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Thread: Remote Desktop

  1. #11
    Automated Home Legend chris_j_hunter's Avatar
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    Paul -

    many thanks - that opened a whole new world !

    we had a double problem, LockScreen + Login Password, both interceding ... neither had made a showing before, in all the time since we’d got the PC up & running, several weeks ago, and we’ve Restarted many times - always a very quick process, until this time, after downloading & installing MS Remote Desktop, from the Windows Store, when it took a while to happen, and gave us a sense of foreboding, which was consummated when they presented themselves ...

    Karam had anticipated we might have LockScreen problems, and pre-armed us with this :

    http://www.tomshardware.co.uk/faq/id...e-edition.html

    which worked well, leading to us to make our first addition to the Registry - so a few bells rang, when you made your suggestion, viz :

    HKEY_LOCAL_MACHINE\SOFTWARE\Microsoft\Windows NT\CurrentVersion\Winlogon\AutoAdminLogon = 1 Create string value if none exists

    HKEY_LOCAL_MACHINE\SOFTWARE\Microsoft\Windows NT\CurrentVersion\Winlogon\DefaultUsername = local user account create string value if none exists

    HKEY_LOCAL_MACHINE\SOFTWARE\Microsoft\Windows NT\CurrentVersion\Winlogon\DefaultPassword = password for user above create string value if none exists

    along the way we found a quicker way to get into the editor (Windows 8.1 Start screen, second page, the Apps screen, type regedit into the search box & click what’s found) ...

    having done that, your file structure comes up ... but only as far as Windows NT, there being no CurrentVersion folder below that ...

    not sure, but maybe you meant us to add the rest (?)

    in the meantime, however, we found this :

    http://www.computerperformance.co.uk...n-registry.htm

    which led us to type NetPlwiz into the Apps page search box - clicking the result then gave us a check-box based way of getting-rid of the need for Password on Login ...

    finger’s crossed, but can't Restart just now - SWMBO says she needs the house to keep working !

    we still can’t get MS Remote Desktop to work, via its name or via its IP address ... the two computers are communicating (Cortex Mobile works fine), but trying to connect via Remote Desktop fails (message being to check that the PC is on & available on the network, and that RD is enabled) ... Task Manager lists Remote Desktop as running, so presumably it is enabled (!), but it doesn’t show up in the Systems Properties dialogue box (which is where the check-boxes to enable it etc would be) ...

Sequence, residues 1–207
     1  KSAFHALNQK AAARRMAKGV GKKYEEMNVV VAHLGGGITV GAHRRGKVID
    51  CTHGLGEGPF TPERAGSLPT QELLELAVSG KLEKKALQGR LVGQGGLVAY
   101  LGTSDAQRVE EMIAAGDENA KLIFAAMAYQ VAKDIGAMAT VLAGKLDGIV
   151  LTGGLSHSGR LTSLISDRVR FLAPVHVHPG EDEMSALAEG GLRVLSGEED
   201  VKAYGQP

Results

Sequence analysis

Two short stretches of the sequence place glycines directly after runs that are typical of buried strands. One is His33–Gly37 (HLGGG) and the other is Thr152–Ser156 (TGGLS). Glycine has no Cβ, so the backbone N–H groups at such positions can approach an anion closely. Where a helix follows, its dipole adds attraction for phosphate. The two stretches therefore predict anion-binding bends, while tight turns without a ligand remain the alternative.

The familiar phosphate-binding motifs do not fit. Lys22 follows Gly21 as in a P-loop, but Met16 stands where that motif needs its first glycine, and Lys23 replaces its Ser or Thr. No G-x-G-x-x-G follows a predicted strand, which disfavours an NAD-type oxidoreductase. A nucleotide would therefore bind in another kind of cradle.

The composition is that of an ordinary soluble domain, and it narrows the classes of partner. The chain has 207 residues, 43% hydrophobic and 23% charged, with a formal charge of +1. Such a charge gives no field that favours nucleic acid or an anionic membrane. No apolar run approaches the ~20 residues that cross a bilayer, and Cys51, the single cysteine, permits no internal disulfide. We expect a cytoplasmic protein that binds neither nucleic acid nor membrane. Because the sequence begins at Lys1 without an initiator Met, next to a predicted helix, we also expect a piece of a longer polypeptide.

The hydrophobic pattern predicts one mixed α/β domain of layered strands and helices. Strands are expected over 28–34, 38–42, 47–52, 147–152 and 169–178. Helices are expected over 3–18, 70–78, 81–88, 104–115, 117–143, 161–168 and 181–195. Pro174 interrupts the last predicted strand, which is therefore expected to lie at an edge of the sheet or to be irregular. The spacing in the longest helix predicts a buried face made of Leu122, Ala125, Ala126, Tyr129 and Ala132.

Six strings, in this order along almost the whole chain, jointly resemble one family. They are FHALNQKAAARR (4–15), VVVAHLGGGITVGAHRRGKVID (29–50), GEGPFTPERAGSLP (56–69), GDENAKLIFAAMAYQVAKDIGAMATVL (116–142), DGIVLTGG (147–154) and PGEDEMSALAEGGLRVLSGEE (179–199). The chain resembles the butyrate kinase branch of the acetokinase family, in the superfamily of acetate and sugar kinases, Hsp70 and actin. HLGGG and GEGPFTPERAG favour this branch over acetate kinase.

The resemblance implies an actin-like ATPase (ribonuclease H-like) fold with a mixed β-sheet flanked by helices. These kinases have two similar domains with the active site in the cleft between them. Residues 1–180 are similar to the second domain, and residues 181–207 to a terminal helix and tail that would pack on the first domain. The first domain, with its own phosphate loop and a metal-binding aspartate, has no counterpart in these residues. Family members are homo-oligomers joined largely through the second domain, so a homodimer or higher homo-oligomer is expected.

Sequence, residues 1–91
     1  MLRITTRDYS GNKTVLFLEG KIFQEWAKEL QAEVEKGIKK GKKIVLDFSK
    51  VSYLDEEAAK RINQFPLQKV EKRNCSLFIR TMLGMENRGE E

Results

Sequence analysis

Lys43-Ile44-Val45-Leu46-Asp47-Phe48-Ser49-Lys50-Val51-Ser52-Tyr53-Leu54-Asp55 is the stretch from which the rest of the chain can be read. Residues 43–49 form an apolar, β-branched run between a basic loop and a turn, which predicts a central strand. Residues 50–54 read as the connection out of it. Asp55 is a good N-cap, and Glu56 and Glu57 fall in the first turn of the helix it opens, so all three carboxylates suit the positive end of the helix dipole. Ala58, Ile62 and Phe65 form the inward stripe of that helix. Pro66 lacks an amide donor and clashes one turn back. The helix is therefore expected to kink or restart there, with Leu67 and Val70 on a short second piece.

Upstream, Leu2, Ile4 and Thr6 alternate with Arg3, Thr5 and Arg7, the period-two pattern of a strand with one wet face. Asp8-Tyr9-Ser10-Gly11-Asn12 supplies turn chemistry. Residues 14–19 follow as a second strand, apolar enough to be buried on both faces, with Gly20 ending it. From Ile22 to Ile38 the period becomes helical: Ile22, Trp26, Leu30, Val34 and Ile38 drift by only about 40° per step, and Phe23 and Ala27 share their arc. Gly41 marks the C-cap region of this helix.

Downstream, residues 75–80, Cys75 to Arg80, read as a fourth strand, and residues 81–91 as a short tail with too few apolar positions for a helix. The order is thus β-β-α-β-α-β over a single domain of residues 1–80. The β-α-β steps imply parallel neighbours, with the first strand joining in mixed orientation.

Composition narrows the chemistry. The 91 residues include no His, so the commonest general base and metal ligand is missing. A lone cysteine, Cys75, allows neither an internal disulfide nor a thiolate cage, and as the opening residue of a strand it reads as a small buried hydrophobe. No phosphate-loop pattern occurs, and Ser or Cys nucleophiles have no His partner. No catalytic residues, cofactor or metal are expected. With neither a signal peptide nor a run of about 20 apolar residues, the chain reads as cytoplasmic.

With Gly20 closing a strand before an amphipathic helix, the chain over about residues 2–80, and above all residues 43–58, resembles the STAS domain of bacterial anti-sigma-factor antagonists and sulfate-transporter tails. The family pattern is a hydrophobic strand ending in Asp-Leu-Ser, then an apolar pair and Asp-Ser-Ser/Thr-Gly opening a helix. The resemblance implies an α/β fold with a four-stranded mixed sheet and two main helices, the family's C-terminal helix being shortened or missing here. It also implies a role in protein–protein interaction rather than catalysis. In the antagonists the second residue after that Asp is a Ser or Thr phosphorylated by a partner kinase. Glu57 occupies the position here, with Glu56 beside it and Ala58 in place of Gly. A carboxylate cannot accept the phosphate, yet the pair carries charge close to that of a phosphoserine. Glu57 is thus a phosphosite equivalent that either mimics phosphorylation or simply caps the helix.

OTOH, TeamViewer is working well ...

    many thanks

    Chris
    Last edited by chris_j_hunter; 11th February 2015 at 02:22 PM.

  2. #12
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    It's these kind of issues (which are only going to get worse with each release of Windows) that worries me about the longevity of Cortex as a viable home automation controller. You have to faff about so much to get Cortex to auto-start, mess with the registry to get auto-logon to work and RDP either doesn't work or kills the audio. It's hardly smooth sailing just to get to the GUI.

    If Cortex ran as a web service, with a full GUI provided through a web page, and proper restful API then all these problems would go away.

    Whilst I've got a considerable investment in Idratek hardware, Cortex having to run on a Windows OS, and administered by the console, is to me the weakest link in the system (which otherwise is excellent).

    I hope Idratek have plans afoot to remove these legacy dependencies...

    Regards


    Neil

  3. #13
    Automated Home Legend chris_j_hunter's Avatar
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    yep, the logic for Windows was probably clear-cut, at the time ... but for us it’s always seemed an unfortunate choice, not to say a very unwelcome overhead, time & money. Chaos & indiscipline seem to be endemic - lots of diving-in & doing, too little thinking it through first, meaning (for the user) lots of inconsistency, lots of digging deep, lots of working-around ... we were using Windows XP, now we’re using Windows 8.1, first impressions of the move were positive, some good ideas - only they turn out to be mostly half-baked, as though the team weren’t totally on-board and/or time ran out - eg: quite like the new Start pages, but managing content is a nightmare (very easy to delete, very hit & miss, mostly miss, to add new items), and having to undertake an archaeological dig to discover hidden subroutines just to be able to (eg) switch password-protect on start-up back off after some small auto’ updates were taken on-board (regular Defender Definition updates) is just ridiculous !